Evaluation of Baculovirus Sprayings for the Management of Lepidopteran Pests in Broccoli, Guatemala, 1997
Humberto Carranza Bazini (Guatemala); Stephen Weller (US)
This study focused on determining the effectiveness of baculovirus sprays as control agents against Plutella xylostella and other common lepidopteran pests of broccoli. The baculovirus strain was obtained from the alfalfa measurer larva (Autographa californica) and the prodenia larva (Spodoptera sunia). Two field tests were established in the Departments of Chimaltenango and Jalapa from August to December 1997. Two treatments were included in the study, (1) plots treated with baculovirus sprays, and (2) plots treated with the standard management practice used by growers consisting of Bacillus thuringiensis (Bt) based commercial products. Adjacent plots of 400 m2 each were used. The number of larvae,pupae and egg nests of lepidopteran moths were measured, including: P. xylostella, Trichoplusiani, Leptophobia aripa, Spodoptera spp. and Estigmene acrea. Data were also recorded on gross and net yield (mt/ha), and costs. “T” tests and partial economic budget analysis were carried out. Results indicated that baculovirus sprayings effectively control larval populations of P. xylostella, T. ni and L. aripa in the foliage, as they were kept under 6 larvae/25 plants (economic threshold used for Bt’s sprays). However, at some points the insect pest density surpassed the above mentioned threshold, since the baculovirus sprayings did not reduce pests to lower than 6 larvae/25 plants.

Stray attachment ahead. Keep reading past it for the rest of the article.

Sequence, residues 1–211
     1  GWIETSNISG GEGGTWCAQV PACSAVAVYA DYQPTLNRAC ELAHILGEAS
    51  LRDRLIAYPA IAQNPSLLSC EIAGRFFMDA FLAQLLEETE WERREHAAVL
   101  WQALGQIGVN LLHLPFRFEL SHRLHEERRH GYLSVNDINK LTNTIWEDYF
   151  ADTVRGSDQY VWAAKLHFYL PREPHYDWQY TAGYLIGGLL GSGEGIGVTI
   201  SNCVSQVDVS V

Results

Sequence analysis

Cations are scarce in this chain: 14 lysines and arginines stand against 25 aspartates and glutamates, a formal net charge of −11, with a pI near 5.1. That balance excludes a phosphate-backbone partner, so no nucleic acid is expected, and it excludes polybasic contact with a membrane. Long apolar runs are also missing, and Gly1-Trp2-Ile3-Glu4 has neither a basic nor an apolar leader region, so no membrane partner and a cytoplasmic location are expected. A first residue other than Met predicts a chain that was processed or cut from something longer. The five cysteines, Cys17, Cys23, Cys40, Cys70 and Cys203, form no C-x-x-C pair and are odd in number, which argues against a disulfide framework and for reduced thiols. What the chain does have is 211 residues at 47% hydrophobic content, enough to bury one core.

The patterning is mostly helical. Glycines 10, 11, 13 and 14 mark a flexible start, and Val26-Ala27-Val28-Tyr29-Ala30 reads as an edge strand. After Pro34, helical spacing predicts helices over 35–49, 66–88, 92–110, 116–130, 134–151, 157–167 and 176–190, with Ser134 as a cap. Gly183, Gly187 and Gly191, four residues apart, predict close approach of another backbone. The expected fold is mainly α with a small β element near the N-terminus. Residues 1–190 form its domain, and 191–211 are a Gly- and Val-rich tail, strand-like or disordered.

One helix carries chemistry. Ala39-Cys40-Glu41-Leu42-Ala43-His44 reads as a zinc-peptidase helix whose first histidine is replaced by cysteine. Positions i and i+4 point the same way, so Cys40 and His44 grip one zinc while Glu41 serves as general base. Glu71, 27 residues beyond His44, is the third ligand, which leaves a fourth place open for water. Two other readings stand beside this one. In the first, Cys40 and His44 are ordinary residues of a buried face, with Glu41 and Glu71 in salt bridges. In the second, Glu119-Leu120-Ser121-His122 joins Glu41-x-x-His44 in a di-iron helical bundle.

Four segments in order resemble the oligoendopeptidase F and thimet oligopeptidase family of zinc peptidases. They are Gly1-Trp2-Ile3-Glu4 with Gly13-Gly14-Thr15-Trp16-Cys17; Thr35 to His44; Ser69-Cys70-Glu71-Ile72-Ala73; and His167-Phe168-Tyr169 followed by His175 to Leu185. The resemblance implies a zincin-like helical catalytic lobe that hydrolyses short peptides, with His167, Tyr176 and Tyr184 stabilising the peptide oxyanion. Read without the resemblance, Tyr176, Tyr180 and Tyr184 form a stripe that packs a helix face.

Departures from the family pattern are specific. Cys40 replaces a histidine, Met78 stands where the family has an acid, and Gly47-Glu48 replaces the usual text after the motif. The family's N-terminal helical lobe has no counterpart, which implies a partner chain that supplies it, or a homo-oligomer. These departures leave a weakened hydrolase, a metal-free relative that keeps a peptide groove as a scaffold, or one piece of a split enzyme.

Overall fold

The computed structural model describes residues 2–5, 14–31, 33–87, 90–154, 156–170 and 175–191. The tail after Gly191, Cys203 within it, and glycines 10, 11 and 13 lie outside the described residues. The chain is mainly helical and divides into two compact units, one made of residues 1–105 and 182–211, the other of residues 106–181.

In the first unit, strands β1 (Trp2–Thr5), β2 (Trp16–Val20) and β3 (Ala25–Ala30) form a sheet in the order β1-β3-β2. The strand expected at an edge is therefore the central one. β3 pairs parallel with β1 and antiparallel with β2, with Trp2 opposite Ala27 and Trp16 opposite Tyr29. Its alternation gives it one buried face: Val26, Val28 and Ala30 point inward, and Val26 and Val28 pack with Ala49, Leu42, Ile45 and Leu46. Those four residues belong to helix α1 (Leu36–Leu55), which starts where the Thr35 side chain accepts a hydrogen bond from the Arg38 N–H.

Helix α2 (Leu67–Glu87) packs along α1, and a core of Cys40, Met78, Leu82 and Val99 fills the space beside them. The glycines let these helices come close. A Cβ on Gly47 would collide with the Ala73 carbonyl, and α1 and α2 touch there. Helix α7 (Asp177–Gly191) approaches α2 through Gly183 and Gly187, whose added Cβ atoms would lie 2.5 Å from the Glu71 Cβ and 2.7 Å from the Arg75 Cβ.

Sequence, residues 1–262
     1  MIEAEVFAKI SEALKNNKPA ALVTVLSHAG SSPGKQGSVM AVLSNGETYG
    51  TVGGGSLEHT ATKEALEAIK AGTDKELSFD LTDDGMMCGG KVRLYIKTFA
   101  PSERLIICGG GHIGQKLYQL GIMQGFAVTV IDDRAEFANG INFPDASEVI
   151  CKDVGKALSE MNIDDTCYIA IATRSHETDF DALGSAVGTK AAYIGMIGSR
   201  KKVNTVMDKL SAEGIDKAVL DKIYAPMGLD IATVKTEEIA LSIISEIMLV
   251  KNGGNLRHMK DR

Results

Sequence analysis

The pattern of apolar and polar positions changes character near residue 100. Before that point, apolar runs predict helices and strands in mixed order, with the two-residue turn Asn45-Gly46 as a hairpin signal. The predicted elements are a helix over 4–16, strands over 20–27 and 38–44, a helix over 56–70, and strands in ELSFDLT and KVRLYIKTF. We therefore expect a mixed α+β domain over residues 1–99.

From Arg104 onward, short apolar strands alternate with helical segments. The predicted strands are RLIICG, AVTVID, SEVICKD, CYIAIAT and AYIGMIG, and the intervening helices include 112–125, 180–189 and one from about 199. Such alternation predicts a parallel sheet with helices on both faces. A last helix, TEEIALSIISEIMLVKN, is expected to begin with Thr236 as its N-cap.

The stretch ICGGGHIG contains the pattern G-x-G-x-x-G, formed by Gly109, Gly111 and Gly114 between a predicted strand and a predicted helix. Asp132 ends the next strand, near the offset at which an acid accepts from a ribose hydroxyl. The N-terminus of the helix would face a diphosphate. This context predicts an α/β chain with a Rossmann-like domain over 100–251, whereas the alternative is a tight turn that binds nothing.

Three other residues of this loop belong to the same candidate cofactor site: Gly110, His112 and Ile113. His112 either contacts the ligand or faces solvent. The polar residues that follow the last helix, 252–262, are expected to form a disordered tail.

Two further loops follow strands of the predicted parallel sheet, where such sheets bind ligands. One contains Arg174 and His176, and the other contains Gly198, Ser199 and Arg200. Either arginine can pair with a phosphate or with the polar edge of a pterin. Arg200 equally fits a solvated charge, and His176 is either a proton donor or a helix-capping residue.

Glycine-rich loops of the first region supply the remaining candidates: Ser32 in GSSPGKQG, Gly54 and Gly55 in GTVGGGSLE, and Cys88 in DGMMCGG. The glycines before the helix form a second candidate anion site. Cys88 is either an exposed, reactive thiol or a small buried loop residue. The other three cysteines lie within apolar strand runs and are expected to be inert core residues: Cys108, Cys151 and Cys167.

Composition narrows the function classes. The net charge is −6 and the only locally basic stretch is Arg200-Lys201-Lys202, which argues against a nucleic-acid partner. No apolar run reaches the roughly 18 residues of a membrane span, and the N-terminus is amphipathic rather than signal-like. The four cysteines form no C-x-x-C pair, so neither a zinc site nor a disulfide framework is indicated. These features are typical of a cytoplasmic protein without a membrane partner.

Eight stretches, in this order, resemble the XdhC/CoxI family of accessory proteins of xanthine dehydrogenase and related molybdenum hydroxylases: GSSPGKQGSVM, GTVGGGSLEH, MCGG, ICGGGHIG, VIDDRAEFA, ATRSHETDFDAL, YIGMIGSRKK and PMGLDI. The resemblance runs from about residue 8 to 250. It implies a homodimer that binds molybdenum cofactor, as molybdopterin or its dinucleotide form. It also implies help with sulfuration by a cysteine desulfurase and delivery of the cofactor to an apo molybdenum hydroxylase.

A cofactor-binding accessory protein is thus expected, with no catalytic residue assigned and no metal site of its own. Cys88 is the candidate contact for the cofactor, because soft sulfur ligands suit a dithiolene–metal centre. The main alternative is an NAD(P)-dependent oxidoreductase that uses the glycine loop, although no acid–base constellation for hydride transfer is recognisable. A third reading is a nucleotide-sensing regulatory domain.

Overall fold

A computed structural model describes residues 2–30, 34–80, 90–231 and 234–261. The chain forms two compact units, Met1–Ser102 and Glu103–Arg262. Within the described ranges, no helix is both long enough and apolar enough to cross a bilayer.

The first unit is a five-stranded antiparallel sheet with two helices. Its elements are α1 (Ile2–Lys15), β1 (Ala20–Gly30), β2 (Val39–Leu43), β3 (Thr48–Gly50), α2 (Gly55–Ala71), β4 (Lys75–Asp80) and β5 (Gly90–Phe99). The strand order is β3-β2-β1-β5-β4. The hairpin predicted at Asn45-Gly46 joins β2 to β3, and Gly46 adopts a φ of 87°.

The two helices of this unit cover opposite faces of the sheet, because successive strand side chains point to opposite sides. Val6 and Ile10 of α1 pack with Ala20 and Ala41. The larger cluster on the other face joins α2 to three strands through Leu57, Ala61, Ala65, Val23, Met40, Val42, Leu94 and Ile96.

The objective of the study was to determine the effectiveness of baculovirus sprays as control agents against Plutella xylostella and other common lepidopteran pests of broccoli. The baculovirus strain was obtained from the alfalfa measurer larva (Autographa californica) and the prodenia larva (Spodoptera sunia).
Researchers found that while baculovirus sprays are more expensive than the Bt's, it is a viable alternative for the control of lepidopteran larvae. If managed adequately baculovirus can be incorporated into an integrated pest management program in broccoli, as an important component to prevent development of Bt resistance in the main lepidopteran species that infest broccoli.